If you think playing basketball has nothing to do with being in a court of law…

On Thursday night, the Columbia School of Professional Studies (SPS) hosted a live recording of Emmy-winner Randy Cohen’s public radio podcast Person Place Thing featuring SPS Senior Lecturer Len Elmore. The interview centered around Elmore’s unusual trajectory, as he is a former NBA professional basketball player and a Harvard Law graduate. The recording was held in the Italian Academy Teatro with a live audience and was open to the public.

Person Place Thing’s format consists of the guest of the show talking about one person, one place, and one thing that is particularly meaningful to them, relying on the idea that “people are especially engaging when they speak, not directly about themselves, but something they care about.”


Cohen jumped into content with a prompt to encourage Elmore to talk about his person. Elmore chose American professional football player and activist Paul Robeson (1898-1976). Elmore described his tenth-grade self as being “enamored” of the budding star that Robeson was, and he remembered looking up to Robeson, thinking, “Maybe I can do something like that.” Indeed, Elmore ended up becoming an All-American athlete, just like Robeson. According to Elmore, Robeson’s father was born into slavery and later became a preacher, eventually settling with his family in Princeton where Robeson was born. “It wasn’t easy for a young man of color […] to succeed in the turn of the century,” said Elmore when describing how Robeson had reportedly been beaten up by his own football teammates yet had stayed committed to the team.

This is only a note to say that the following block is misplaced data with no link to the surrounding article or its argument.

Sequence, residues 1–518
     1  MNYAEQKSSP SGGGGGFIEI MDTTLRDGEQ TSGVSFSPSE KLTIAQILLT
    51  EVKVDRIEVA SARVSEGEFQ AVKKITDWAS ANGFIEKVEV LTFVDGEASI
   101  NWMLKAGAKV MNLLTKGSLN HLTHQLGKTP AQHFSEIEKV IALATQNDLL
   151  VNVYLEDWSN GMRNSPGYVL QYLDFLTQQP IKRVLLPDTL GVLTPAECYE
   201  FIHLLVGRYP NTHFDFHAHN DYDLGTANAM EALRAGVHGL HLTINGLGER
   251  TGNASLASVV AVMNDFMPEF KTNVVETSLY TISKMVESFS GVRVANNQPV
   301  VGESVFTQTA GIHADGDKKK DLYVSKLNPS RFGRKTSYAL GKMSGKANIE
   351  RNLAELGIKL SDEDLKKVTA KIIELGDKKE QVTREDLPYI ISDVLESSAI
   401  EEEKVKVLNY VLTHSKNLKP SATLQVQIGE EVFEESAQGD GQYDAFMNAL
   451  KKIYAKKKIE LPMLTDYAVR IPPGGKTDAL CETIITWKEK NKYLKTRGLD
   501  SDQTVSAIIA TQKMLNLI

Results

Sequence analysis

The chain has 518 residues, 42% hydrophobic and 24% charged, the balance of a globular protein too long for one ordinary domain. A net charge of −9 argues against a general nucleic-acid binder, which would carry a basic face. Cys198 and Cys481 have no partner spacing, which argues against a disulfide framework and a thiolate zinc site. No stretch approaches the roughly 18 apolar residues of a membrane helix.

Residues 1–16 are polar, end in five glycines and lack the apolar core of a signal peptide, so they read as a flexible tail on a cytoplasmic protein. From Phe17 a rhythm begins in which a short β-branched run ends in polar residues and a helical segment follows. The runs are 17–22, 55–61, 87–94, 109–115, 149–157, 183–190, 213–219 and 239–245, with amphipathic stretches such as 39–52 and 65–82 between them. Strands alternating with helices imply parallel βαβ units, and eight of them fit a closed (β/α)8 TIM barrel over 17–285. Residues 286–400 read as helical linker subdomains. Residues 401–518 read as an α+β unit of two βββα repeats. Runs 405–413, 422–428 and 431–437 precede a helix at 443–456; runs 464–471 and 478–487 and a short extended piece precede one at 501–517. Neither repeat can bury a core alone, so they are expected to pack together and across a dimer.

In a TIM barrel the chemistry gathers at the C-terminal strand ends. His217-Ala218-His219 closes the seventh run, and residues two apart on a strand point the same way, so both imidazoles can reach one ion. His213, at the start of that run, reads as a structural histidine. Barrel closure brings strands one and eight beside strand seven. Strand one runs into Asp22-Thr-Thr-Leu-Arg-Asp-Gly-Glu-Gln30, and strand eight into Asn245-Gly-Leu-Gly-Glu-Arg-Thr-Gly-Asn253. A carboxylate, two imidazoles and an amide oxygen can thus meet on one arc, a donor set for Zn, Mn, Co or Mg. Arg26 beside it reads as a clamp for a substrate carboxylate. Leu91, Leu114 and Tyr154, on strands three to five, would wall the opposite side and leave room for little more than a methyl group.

Cohen and Elmore mentioned how diverse Robeson’s own career had been, since he was not only a professional football player but also a singer, actor and activist. Cohen expressed his admiration at this array of skills by good-humoredly stating that “most people are not good at anything, I’m not good at anything.”

Then, Elmore went on to describe what it had been like for him growing up in the middle of the civil rights movement and how this had shaped his conviction that law could affect change as well as his desire to “be in the parade,” not just the sidelines of said change. This desire was what eventually motivated him to work for the district attorney’s office. Elmore recounted how around the time that his admiration for Robeson developed, he had also started playing basketball—almost by chance, given that in the beginning he did not understand “how [basketball players] know which way to run.”

After discussing more of Robeson’s life and its hardships, Elmore emphasized the importance of athletes in activism and how other athletes—such as Muhammad Ali and Jackie Robinson—“took a page” from Robeson’s book in utilizing their leverage as athletes to advocate for the causes they considered relevant. Elmore finished these reflections by quoting his friend, who said, “the most powerful employee in America is the Black athlete,” and by explaining all the social demands athletes could make in exchange for playing their sport and entertaining the fans.